Day Zero is a scary idea. Defined as the day when a major metropolitan area runs out of water because of drought, the term became popularized in 2018 when Cape Town, South Africa nearly ran out of — and began having to ration — water.
The original Day Zero crisis, though, happened halfway around the world and several years earlier: in São Paulo, Brazil, in 2014 and 2015.
With a metropolitan population of more than 20 million people, the coastal city draws about one quarter of its municipal water resources from a nearby watershed called the Cantareira Water Supply System. But when the 2014 drought — the worst in nearly 100 years — reduced the city’s water coffers to under 5 percent capacity and dried up a significant part of the reservoirs in the Cantareira system, the crisis sparked a second realization: for years, the areas around the watershed had been steadily degraded.
Due to a combination of land misuse, agricultural pollution and climatic changes, the formerly verdant watershed had been deprived of much of its original forest cover, which protected the water supply and kept the reservoirs healthy. By 2013, 70 percent of the forests in the Cantareira region had been destroyed, replaced instead with degraded pastures.
The Cantareira System needed a revamp.
The Cantareira System, developed in the 1970s, operates in a delicate balance. Water originates from a series of five reservoirs and filters through a complex system of underground tunnels and an elevation plant before reaching the Guarau Water Treatment Station in the outskirts of Sao Paulo.
These initial reservoirs play a critical role: capturing the large majority (87 percent) of sediments ― small particles that pollute drinking water and cause damage to infrastructure — and preventing them from filtering into the water supply.
When reservoirs like the Jaguari, one of the five that feeds the Cantareira system, are surrounded by forests, trees naturally prevent erosion of sediments into the water source. As forests are replaced with pastures, however, erosion accelerates.
Local landowners — who are typically low-income, making under $200 per month, and rely on traditional agriculture to get by — play a key role in protecting these ecosystems, but often lack the training and resources to do so in a sustainable fashion.
The 2014-2015 drought was an eye-opener for the Brazilian government.
Since the drought ended, São Paulo’s water company, Sabesp, has begun to invest in watershed management practices and training for local farmers with a focus on natural infrastructure: “green” as opposed to “grey” solutions. Instead of building more underground tunnels to filter water from additional reservoirs, the company has looked to improve the existing water resources through forest restoration projects and silviculture.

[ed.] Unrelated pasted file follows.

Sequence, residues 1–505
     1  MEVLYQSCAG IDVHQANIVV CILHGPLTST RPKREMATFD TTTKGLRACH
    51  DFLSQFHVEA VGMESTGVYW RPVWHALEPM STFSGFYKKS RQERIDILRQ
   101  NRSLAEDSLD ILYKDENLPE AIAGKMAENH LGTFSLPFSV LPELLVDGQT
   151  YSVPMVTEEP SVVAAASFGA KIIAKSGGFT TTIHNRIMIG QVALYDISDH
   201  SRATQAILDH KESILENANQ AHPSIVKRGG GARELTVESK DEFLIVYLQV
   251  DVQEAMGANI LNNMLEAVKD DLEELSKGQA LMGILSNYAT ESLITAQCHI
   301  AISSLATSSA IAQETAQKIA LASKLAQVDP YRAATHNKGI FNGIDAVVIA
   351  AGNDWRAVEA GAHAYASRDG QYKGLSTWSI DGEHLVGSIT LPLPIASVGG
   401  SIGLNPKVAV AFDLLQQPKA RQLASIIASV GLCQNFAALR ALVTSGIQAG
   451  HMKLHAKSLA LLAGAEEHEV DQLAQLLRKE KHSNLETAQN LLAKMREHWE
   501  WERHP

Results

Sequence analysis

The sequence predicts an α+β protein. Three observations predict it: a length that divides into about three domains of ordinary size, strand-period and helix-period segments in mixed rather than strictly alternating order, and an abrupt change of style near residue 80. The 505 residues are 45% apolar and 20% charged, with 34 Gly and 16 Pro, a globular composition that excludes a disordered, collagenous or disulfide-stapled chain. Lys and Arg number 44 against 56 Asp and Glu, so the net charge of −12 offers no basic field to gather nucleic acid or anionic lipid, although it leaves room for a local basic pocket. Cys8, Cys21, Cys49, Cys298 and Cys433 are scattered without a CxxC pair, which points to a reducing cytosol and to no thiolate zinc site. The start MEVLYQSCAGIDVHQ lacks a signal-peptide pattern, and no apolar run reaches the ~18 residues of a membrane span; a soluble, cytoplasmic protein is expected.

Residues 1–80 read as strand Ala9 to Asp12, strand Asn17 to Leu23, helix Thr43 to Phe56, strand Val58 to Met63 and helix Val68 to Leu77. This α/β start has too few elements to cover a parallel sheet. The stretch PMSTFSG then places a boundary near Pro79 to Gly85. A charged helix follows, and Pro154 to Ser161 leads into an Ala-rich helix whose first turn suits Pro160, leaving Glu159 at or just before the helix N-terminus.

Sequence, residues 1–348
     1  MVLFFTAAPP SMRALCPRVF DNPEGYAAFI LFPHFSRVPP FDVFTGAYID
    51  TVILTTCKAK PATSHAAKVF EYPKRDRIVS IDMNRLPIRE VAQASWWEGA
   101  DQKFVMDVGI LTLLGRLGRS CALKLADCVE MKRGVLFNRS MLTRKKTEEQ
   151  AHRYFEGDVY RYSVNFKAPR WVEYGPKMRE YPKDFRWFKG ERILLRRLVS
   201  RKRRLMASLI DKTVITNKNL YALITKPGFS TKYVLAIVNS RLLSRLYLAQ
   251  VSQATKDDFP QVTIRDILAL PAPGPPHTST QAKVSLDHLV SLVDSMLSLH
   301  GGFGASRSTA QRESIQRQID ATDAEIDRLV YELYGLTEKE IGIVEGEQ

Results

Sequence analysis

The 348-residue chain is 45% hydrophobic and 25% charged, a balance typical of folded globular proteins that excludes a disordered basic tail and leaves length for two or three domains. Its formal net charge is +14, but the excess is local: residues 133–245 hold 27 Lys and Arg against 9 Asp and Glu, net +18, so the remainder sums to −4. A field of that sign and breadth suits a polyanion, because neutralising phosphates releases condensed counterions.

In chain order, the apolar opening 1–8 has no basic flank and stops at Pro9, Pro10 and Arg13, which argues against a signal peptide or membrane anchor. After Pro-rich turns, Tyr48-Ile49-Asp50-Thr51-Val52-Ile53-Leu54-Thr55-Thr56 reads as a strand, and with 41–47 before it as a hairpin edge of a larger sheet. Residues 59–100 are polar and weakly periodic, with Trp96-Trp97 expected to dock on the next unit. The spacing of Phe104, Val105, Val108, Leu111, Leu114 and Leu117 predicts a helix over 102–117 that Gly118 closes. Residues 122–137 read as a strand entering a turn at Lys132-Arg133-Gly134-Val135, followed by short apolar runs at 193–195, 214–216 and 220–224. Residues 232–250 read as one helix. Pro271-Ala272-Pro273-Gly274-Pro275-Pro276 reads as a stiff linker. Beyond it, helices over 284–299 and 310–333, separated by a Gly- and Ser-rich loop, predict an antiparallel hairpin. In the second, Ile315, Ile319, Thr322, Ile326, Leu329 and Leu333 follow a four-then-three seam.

Riparian forests — or forested wetlands — play a key ecosystem role, reducing erosion by more than one-third and helping to increase biodiversity, while also improving the resilience and longevity of watersheds.
But restoring these forests in places like southeastern Brazil isn’t just an environmental choice. It’s also an economic one. According to a report from the World Resources Institute, investing $37 million in ecosystem restoration projects would save the Brazilian state nearly $70 million in costs due to erosion and negative health consequences due to unclean water over the next 30 years.
For the Caterpillar Foundation, restoring local ecosystems and investing in protection of the natural and vital infrastructure is one of the key ways that we can help communities grow stronger, more resilient and more sustainable.
Through our work with partners in Brazil, we know that addressing the water supply and infrastructure challenges is critical to the future health and prosperity of their communities. Our approach to help addressing this issue in Sao Paulo was to focus on the Cantareira System, which was once able to provide water to half of Sao Paulo’s population and it now only services one-quarter.
With continued population growth, and extreme weather events increase over the coming years due to climate change, we knew that the resiliency of the system will be even further tested. We joined a number of organizations that stepped up to address these challenges, notably by providing training to local landowners on the frontlines of the water scarcity fight.
In particular, we partnered with Semeando Agua (or “Sowing Water”), an initiative run by the Instituto de Pesquisas Ecológicas (IPÊ), to implement sustainable production practice techniques using native species, restore native forests in priority areas, and apply low-cost forest restoration models in the Cantareira System.
The IPÊ also runs a number of educational programs in public schools — training the next generation of students in resilient watershed management techniques.
But we know there is a lot more work to do to ensure long-term resilience in this area. According to IPÊ’s estimates, producers will need to restore about 20,000 hectares of natural forest in the coming years to avoid further degradation to the watershed ― the equivalent of planting about 35 million trees.
So as environmental and human factors threaten to produce another Day Zero, we at the Foundation firmly believe that investing in natural infrastructure can be one of the key ways to protecting future water supplies and building thriving communities for the years to come.